It’s a trope that dates back more than a decade, but the rise of Sen. Bernie Sanders and Rep. Alexandria Ocasio-Cortez has seen a recent surge in the Inexplicable Republican Best Friend (IRPF), a specific genre of concern-trolling where a long-time Republican operative, politician or pundit offers “advice” to Democrats about how they should avoid going “too far left.”
These takes—frequently featured as earnest appeals in liberal and centrist outlets—are ostensibly framed as straight-talk advice that should be accepted as objectively in the Democrats’ best interest, and never presented as an ideological argument that would otherwise make sense coming from a right-winger. “Republican hates socialism” isn’t that newsworthy, whereas “GOP operative identifies Democrats’ best interests” somehow is.
In just the last few weeks, we’ve received this sage-like advice from professional Republicans:
- “Michael Bennet Could Be the Answer to the Question Every Democrat Is Asking,” declared former GOP Rep. Joe Scarborough (Washington Post, 2/11/19), referring to the centrist Democratic senator from Colorado.
- “GOP Pollster Warns Progressives Could Inflict Long-Term Damage to Dems” was a report in The Hill (12/3/18), highlighting Republican operative Ed Goeas’ contention that “moving left” “ends up hurting the [Democratic] party.”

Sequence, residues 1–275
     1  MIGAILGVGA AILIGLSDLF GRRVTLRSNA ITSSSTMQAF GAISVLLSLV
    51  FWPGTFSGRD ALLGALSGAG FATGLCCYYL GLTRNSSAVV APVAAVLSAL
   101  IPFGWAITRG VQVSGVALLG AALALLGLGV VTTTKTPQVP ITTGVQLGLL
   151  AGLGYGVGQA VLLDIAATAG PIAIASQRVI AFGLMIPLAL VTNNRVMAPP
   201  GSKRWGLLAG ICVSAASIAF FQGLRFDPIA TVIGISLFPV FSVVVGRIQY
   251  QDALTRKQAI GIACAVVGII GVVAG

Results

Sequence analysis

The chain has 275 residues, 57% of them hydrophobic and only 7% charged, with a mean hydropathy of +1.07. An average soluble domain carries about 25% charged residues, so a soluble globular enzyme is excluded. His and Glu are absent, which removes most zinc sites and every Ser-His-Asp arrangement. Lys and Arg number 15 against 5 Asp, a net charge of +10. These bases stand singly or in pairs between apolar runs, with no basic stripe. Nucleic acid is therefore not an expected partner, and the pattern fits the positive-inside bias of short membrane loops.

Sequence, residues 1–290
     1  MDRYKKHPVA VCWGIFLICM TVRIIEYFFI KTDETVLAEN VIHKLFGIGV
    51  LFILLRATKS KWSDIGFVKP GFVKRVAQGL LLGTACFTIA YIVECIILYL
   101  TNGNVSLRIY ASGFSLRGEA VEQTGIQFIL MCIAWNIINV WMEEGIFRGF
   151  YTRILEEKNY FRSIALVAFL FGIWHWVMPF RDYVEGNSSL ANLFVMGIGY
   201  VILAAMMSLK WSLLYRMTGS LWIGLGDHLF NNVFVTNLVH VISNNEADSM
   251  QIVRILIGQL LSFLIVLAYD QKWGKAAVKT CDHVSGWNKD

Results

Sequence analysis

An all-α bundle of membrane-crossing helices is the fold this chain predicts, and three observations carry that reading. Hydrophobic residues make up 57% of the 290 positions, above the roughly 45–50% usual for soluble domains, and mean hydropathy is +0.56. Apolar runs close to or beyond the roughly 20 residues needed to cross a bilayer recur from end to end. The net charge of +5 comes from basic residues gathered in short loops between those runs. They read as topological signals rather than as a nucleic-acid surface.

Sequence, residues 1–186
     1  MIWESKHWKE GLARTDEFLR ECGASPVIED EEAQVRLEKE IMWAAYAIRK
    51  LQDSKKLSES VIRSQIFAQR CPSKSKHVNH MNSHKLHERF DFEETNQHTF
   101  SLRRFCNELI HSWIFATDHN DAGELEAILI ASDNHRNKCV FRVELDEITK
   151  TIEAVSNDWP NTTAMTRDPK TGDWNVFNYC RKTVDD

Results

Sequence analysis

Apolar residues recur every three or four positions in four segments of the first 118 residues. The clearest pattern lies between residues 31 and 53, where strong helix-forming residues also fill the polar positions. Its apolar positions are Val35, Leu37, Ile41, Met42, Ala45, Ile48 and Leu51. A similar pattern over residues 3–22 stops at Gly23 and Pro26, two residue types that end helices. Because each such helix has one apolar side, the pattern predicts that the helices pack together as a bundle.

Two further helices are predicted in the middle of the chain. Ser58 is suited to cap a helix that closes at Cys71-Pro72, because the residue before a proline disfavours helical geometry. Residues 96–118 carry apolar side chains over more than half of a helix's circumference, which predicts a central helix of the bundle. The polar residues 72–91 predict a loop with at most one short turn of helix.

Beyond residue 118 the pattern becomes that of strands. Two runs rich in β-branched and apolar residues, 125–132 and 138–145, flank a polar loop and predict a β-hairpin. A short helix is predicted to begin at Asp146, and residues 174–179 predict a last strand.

- “As centrists, Democrats would clean up in 2020, but instead, it’s leftward ho!” was National Review‘s promotion (Twitter (2/15/19) of an article by Michael Brendan Dougherty that counseled Dems, “Avoid talking about impeachment and stick to simple bread-and-butter issues.”
- “Joe Biden is a gaffe-prone 75-year-old Washington veteran—who is exactly what Democrats need,” wrote National Review editor Rich Lowry (11/20/18). “The play for Democrats should be obvious…. Go with Joe Biden or someone like him with a Midwestern or working-class sensibility.”
- In “Democrats Need to Beware Their Loony Left” (Washington Post, 2/13/19), conservative columnist Max Boot warned Dems not to “turn themselves into the far-left caricatures that Trump and Fox News would like them to become.”
Unsolicited advice from Republicans to the Democratic Party frequently appears on Twitter. Republican “political strategist and blogger” Patrick Ruffini (8/6/18) offered:
A good 2020 Dem would: 1) Support charter schools 2) Oppose repealing Obamacare (President Obama’s signature domestic achievement) with single-payer 3) Repeal tariffs but not tax cuts.
While Lee Atwater protege Rick Wilson (2/19/19) declared:
Bernie Sanders is Trump reelection insurance. “The solution to Trumpism is a crusty 80-year-old professor of socialist poetry from Bennington Community College,” said no one, ever. Why not just declare the Sanders/Gabbard ticket now and bring the doom early?
Republican lawyer Chris Truax, writing in USA Today (12/31/18), at least had the self-awareness to recognize that “progressives often get annoyed when well-meaning conservatives offer them political advice.” So instead, he told Democrats, “I am speaking to you as one American to another about what our country needs.” And what the United States needs, it turns out, is to not have a progressive political agenda succeed, because that would only create a “permanent political canker sore.”